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Pfizer 'near agreement' to buy Allergan for close to US$150b in biggest healthcare deal ever

Pfizer is in advanced talks to buy Botox maker Allergan for close to US$150 billion, according to people familiar with the matter.

[NEW YORK] Pfizer is in advanced talks to buy Botox maker Allergan for close to US$150 billion, according to people familiar with the matter.

The companies are aiming to announce a deal as soon as Monday, the people said, asking not to be identified because the discussions are private. The price being discussed is US$370 to US$380 per share, two of the people said.

A deal at US$380 per share would value the company at almost US$150 billion and be the biggest health-care deal ever, as well as the largest acquisition this year.

However, the US Treasury Department's letter on tax inversion deals, released on Wednesday, could delay the final agreement and change the terms of any transaction, another person said.

Representatives for Allergan and Pfizer declined to comment.

Pharma and biotech mergers this year have already surpassed last year's record of US$220 billion in deals, according to data compiled by Bloomberg. Not including a Pfizer-Allergan merger, the drug industry has struck 638 deals worth US$221 billion, the data show.

Allergan shares dropped in late trading after the Treasury's letter, which said it is reviewing ways to address overseas acquisitions and plans to issue guidance later this week.

The transaction would strengthen Pfizer's brand-name drug business and could pave the way for an eventual split in two. It will also allow the US drugmaker to transfer its headquarters to Ireland to take advantage of lower business tax rates in the country, a transaction known as an inversion.

The Treasury "cannot block an inversion outright," Umer Raffat, an analyst at Evercore ISI, wrote in a note to clients Wednesday. "Treasury's upcoming guidance is aimed at reducing economic benefits of inverting." It isn't clear yet what measures the Treasury is considering or what actions it has the authority to take, Mr Raffat said.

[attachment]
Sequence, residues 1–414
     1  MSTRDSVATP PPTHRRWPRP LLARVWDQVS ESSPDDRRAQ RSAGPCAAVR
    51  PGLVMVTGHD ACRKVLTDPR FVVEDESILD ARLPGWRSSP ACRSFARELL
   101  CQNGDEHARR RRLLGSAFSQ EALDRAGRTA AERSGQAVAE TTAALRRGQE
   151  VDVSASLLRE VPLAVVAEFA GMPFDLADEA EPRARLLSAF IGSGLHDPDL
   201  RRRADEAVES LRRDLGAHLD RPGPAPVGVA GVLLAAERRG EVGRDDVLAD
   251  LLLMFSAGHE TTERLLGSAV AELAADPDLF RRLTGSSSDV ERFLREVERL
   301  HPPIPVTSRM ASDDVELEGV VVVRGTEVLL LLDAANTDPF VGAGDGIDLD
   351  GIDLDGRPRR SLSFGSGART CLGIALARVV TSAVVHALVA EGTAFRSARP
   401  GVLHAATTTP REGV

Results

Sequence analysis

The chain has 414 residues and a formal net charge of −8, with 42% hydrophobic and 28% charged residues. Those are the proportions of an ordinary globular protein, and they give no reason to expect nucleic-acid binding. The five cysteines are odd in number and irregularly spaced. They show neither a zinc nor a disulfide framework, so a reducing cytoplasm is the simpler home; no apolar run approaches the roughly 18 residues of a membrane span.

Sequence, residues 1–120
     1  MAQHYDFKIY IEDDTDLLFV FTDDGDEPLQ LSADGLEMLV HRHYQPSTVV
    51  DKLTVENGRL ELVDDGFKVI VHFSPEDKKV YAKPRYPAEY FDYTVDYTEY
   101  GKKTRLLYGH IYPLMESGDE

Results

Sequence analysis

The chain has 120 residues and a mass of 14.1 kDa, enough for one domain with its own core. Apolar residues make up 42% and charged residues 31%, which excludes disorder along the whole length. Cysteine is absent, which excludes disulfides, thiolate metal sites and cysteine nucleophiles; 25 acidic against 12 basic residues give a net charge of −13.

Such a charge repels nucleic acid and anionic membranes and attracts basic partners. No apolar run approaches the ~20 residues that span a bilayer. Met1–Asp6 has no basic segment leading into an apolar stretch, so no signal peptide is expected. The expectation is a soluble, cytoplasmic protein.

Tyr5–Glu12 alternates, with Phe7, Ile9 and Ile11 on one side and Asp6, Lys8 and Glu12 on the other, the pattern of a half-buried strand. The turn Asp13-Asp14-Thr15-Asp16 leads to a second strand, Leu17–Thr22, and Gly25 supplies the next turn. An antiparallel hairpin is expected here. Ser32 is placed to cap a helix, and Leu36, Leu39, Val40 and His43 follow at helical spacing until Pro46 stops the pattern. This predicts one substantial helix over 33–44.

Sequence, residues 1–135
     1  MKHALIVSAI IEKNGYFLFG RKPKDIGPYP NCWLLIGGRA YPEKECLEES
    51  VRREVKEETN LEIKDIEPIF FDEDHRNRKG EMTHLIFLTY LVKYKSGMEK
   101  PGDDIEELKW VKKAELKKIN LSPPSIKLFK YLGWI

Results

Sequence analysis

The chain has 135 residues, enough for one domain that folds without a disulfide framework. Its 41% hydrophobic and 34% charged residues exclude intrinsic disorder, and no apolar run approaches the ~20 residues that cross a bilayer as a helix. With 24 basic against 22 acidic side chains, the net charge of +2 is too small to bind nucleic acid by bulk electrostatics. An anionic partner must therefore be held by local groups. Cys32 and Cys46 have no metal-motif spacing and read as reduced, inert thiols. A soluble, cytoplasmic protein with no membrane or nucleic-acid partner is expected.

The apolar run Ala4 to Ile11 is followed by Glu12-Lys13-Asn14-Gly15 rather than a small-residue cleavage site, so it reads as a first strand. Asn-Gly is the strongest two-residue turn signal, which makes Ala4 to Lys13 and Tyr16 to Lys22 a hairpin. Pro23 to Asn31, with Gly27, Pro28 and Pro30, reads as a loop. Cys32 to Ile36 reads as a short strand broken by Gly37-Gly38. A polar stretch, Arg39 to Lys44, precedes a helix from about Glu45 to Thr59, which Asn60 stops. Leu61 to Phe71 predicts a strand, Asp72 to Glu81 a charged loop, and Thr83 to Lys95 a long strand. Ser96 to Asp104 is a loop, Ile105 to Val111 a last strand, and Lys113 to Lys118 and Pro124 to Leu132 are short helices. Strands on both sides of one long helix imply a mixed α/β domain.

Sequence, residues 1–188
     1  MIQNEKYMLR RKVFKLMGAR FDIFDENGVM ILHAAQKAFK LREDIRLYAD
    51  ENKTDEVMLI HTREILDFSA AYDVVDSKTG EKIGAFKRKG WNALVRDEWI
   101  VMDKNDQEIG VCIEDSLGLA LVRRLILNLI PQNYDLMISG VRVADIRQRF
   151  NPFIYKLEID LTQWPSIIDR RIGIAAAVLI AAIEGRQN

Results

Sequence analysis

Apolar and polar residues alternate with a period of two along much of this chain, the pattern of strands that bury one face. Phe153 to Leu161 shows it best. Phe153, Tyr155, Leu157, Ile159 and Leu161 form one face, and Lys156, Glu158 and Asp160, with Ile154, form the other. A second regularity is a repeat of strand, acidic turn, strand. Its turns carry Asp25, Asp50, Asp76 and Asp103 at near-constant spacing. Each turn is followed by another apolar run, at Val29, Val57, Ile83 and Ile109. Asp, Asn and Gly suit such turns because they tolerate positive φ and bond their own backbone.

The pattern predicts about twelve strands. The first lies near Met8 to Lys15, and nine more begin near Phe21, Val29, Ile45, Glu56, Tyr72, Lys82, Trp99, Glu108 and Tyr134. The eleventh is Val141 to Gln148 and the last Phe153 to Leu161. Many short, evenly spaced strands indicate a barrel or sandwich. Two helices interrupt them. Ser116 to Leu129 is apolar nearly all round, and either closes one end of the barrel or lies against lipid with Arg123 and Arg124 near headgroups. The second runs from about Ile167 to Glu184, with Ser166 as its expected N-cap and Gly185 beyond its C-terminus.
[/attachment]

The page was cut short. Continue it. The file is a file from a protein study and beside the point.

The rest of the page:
The companies were moving toward a plan to make Allergan's Brent Saunders chief executive officer of the combined firm, people with knowledge of the matter said on Nov 11.

The purchase would also keep Pfizer on track if it decides to go forward with a split into two companies, an option that chief executive officer Ian Read has raised as a possibility. One business would focus on older, soon-to-be-generic drugs, while the other would develop and market new brand-name products.

Allergan's portfolio, which includes top-selling brands like the anti-wrinkle injection Botox and the Alzheimer's drug Namenda, would help beef up Pfizer's brand-name drug business before splitting it off.

To date, the largest deal in the drug industry was Pfizer's US$116 billion purchase of Warner-Lambert in 2000, the Bloomberg-compiled data show.

Allergan has more than 70 projects in mid- to late-stage development, according to a Nov 4 conference call. It has acquired a number of companies as it expands its branded-drugs business after agreeing to sell its generics arm to Israeli rival Teva Pharmaceutical Industries for about US$40.5 billion. The company has topped earnings estimates for the past eight quarters, positioning it as an attractive addition to Pfizer's portfolio.

Pfizer has been looking for its next big hit after patents expired for its cholesterol drug Lipitor and arthritis drug Celebrex. The company, which reported US$49.6 billion in revenue last year, raised its profit forecast for 2015 in September.